This leads directly to a key part of Bahnsen's argument. Inflation is limited by the ability of the private sector to borrow, but deficit spending by the federal government has a substantial deflationary impact. The reason is simple: when the government engages in deficit spending, it is pulling future growth into the present. This is akin to a family borrowing to buy a new TV today and planning to pay it off with a bonus next year. When the bonus comes, there is no growth for the family because the funds were already spent, and it's actually worse than that due to the interest on the debt.


But there is diminishing marginal utility from such spending. Additional dollars spent provide less and less additional value, and this is certainly true for the federal government. Money spent by the federal government is less productive than if the money was spent by the private sector. If this weren't the case, then so-called command economies would be superior, and we have mountains of empirical data to demonstrate that they are decidedly economically inferior to capitalistic economies.


As such, the more deficit spending by the government, the less efficient the overall economy, and the more downward pressure is put on inflation. Bahnsen repeatedly cites Japan as a prime example of this. The debt to GDP ratio in Japan has steadily grown over the last several decades to the point that it is now over 260%. All that deficit spending didn't result in rampant inflation. On the contrary, from 1991-2022, inflation in Japan averaged just .35% annually. But of even greater importance, the Japanese GDP only grew at an average rate of 0.75%.


And Bahnsen is concerned that the U.S. is largely going down the same path, though he admits that the U.S. has several things going for it that Japan did not and does not, such as being the source of the world's reserve currency and a more favorable fertility rate, though that is declining. The U.S.'s debt to GDP ratio rose from 40% in 1966 to 63% at the end of 2007, but it now stands at 120%. Such high levels of debt have a deflationary effect and are reducing future economic growth. And the problem is compounded by the fact that the federal government and the Fed are working in concert to exacerbate the problem, as Bahnsen states below.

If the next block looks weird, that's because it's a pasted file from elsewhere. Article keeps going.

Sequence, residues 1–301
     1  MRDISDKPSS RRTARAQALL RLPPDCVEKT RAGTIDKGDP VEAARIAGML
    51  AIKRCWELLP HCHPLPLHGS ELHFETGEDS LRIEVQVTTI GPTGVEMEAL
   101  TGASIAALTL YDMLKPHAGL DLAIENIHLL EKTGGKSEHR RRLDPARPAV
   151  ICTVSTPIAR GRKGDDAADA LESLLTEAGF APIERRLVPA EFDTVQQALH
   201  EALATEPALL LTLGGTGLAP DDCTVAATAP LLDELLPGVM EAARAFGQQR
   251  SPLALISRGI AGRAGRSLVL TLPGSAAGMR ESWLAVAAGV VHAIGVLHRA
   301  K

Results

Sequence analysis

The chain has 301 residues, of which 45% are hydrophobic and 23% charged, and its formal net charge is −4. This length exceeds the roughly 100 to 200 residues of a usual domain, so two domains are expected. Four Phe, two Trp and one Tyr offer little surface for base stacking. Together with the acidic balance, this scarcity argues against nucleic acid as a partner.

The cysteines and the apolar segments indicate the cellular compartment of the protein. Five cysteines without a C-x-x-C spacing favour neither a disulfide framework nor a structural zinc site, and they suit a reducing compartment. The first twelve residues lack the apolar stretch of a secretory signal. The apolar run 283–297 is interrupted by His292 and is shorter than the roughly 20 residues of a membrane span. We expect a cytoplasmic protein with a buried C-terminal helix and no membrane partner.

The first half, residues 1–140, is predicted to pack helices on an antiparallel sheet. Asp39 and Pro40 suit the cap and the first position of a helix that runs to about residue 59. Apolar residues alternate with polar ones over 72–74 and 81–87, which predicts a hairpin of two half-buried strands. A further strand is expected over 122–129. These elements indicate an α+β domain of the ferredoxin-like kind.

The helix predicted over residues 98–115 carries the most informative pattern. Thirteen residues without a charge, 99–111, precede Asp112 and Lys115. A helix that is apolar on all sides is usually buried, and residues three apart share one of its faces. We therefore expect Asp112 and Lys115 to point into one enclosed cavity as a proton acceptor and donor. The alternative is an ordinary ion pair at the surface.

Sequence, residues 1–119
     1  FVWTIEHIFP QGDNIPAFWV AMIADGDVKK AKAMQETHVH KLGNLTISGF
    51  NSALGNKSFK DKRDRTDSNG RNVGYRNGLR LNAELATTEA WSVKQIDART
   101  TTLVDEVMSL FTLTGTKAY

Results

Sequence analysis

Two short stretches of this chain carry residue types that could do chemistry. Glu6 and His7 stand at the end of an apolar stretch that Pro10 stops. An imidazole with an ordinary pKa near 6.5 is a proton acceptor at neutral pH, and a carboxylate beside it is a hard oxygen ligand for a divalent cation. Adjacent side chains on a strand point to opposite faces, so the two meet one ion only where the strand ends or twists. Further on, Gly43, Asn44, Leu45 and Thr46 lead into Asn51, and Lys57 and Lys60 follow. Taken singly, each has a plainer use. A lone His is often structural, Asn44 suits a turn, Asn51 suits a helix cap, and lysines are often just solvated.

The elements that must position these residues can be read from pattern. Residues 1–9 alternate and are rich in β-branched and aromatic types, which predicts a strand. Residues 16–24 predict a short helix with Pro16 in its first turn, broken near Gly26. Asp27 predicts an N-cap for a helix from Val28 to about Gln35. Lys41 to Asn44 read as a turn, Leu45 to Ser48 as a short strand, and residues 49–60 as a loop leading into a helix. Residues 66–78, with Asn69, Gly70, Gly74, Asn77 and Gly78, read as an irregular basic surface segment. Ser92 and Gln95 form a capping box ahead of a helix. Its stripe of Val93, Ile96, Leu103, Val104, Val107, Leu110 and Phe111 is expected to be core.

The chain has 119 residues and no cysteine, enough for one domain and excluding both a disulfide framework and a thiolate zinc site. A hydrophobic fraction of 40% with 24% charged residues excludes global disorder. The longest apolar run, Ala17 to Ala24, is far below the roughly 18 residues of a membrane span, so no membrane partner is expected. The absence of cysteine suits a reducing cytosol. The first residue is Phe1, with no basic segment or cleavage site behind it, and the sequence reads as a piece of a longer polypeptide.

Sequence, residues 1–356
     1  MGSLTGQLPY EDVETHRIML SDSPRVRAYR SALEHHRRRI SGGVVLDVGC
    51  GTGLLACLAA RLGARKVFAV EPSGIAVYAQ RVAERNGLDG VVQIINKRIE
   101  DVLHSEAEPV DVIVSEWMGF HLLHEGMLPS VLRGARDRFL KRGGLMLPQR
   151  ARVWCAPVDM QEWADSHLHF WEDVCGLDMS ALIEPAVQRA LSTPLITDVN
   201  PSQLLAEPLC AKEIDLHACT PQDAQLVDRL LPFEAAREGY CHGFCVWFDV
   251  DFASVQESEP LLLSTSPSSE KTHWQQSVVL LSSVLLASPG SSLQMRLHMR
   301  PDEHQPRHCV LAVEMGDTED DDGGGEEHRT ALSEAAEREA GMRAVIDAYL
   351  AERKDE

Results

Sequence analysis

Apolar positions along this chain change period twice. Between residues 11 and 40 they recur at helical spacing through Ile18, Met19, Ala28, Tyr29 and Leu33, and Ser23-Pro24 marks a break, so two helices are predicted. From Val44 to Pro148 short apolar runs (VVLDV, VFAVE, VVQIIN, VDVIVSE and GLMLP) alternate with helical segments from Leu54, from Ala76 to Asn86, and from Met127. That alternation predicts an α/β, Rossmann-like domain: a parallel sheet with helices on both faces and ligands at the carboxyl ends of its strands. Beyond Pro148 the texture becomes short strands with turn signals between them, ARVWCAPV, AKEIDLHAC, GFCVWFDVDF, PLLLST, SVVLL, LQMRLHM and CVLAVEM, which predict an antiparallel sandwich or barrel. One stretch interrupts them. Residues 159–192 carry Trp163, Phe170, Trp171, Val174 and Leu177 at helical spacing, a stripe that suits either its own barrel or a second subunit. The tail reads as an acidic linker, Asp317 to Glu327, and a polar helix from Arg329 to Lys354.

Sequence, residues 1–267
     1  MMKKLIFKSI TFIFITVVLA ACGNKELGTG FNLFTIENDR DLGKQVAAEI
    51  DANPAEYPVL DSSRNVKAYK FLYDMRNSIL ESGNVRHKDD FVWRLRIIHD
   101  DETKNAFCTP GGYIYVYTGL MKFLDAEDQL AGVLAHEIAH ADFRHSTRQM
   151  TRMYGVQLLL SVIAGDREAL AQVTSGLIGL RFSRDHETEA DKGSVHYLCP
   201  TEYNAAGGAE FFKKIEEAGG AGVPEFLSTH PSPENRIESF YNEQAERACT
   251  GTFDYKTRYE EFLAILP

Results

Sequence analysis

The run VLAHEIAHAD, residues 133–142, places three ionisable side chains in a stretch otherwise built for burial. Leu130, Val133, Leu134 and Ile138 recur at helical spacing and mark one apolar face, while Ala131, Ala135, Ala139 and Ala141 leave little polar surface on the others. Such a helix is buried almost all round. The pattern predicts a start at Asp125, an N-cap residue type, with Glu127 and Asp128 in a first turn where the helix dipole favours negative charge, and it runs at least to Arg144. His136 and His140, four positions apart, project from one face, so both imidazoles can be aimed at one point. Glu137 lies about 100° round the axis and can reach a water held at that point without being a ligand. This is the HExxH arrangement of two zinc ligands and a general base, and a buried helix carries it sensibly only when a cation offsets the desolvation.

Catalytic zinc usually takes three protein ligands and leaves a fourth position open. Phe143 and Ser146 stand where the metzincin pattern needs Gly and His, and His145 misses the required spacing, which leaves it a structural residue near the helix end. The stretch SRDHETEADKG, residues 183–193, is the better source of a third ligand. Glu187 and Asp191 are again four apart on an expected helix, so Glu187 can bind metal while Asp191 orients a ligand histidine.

"We have decided that our treatment for a patient who gets sick with too much debt (in the case of 2008, it was too much household debt) is more debt. We moved the debt from the balance sheet of households to the government, and now require a fiscal and monetary hair of the dog to prevent the hangover, in perpetuity. Low growth? Increase fiscal. Fiscal too expensive? Increase monetary. Monetary leads to a bubble the mis-prices risk and causes an asset liquidation? Treat it with more fiscal and more monetary."


Bahnsen contends that such high levels of public debt combined with these methods of perpetually 'kicking the can down the road' have already stifled economic growth (vis-à-vis the significantly below average growth in GDP since 2009) and will only gain momentum in doing so.


As such, the long-term concern is not runaway inflation but economic stagnation. Further, they argue that risk-taking entrepreneurs are what we really need more of, and the stewardship mandate of Christians, in particular, should drive them


The authors discuss many other factors, such as what would be necessary to 'fix' the national debt, problems with the 'gold bug' mentality, and the inverse relationship between self-government and the size of deficit spending. There are a couple of things that I don't entirely agree with, such as Bahnsen's claim that there isn't a meaningful aggregate inflation rate, but the book is well written, very thought provoking, and certainly worth reading.